An average home was unaffordable for 90% of population in England even BEFORE the surge in mortgage costs
A typical home in England was unaffordable for the vast majority even before the surge in mortgage costs, according to an official analysis.
Only households with incomes in the top 10 per cent met the threshold for being able to afford a £275,000 property last year.
Although the picture was better in Scotland, Wales and Northern Ireland, the ONS review warned that soaring interest rates and the cost-of-living crisis since then will have heaped more pressure on would-be buyers.
The study was published a week before the Bank of England is due to announce its next move on rates, with markets expecting a 0.25 percentage point rise to combat inflation.
The ONS uses five times a household’s disposable income as a yardstick for the value of home they can comfortably afford
The picture for lower income households was even worse, with a ratio of 14 times in England
The ONS uses five times a household’s disposable income as a yardstick for the value of home they can comfortably afford.
Its analysis found that ratio was exceeded by the average property price in all UK nations in the 2021-22 financial year.
In England the average annual disposable household income was £33,000, giving a ratio of 8.4.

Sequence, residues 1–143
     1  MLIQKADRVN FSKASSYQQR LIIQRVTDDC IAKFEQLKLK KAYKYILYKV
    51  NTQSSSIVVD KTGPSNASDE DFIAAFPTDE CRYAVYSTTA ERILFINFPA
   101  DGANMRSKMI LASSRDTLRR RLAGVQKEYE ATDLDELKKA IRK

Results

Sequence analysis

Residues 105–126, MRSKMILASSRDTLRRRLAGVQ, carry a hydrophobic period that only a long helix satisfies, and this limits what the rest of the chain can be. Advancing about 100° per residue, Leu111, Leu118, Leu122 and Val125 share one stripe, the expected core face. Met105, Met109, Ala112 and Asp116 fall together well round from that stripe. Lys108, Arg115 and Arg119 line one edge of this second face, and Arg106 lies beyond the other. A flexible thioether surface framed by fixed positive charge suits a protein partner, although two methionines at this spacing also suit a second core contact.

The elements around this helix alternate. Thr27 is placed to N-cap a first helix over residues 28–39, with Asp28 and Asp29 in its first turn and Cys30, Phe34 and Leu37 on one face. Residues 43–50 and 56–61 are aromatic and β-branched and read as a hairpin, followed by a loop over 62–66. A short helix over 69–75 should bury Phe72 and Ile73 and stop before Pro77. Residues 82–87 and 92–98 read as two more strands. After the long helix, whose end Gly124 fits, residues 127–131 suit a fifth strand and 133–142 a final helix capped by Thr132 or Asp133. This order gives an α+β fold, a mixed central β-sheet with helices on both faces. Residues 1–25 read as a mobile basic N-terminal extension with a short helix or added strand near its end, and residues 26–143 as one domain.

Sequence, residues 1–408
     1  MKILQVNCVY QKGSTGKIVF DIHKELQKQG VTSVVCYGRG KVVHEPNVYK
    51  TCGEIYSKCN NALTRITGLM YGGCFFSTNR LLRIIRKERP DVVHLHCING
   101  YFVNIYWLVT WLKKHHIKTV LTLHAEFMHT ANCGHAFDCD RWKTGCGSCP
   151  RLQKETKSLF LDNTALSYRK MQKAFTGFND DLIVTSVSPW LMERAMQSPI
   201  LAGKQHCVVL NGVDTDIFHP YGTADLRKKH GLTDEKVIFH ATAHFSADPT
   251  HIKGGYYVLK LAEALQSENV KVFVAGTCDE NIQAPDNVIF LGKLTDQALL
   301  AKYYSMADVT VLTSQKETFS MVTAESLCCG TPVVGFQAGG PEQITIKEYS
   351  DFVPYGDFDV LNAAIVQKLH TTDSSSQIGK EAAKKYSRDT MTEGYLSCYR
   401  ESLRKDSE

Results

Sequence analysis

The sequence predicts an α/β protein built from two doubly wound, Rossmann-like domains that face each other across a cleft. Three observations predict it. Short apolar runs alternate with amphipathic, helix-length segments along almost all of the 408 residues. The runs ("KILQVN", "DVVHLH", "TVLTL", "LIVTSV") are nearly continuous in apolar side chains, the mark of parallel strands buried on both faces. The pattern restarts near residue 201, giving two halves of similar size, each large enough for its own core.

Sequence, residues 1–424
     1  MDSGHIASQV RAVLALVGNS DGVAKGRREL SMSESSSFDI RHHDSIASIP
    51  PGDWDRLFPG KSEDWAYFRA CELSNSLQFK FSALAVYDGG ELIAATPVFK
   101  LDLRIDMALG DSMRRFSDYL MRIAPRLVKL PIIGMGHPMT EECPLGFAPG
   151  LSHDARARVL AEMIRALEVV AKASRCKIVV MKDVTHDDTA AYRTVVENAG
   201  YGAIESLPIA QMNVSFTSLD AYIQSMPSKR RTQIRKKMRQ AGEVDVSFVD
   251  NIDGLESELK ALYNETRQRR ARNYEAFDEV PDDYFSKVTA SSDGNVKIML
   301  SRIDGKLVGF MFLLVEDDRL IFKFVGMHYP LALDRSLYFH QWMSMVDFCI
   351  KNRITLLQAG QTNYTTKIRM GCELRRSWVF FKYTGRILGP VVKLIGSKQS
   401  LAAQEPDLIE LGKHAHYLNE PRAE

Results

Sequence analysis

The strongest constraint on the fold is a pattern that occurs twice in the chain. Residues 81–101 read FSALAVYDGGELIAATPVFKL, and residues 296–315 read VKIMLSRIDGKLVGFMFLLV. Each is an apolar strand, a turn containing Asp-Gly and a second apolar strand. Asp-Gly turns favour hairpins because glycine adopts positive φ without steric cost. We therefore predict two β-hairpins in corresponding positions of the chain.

The equivalent figures were 6.4 in Wales, 5.3 in Scotland and 5.1 in Northern Ireland.
In London the typical property is 26 times the incomes of families in the lowest fifth.
Average homes in all the nations have sold for more than five times average incomes since 2017.
In England, only households in the top 10 per cent can afford an average home with fewer than five years of income.
The level for Wales was the top 30 per cent and in Scotland and Northern Ireland 40 per cent.
In London the typical property is 26 times the incomes of families in the lowest fifth
The study was published a week before the Bank of England is due to announce its next move on rates, with markets expecting a 0.25 percentage point rise
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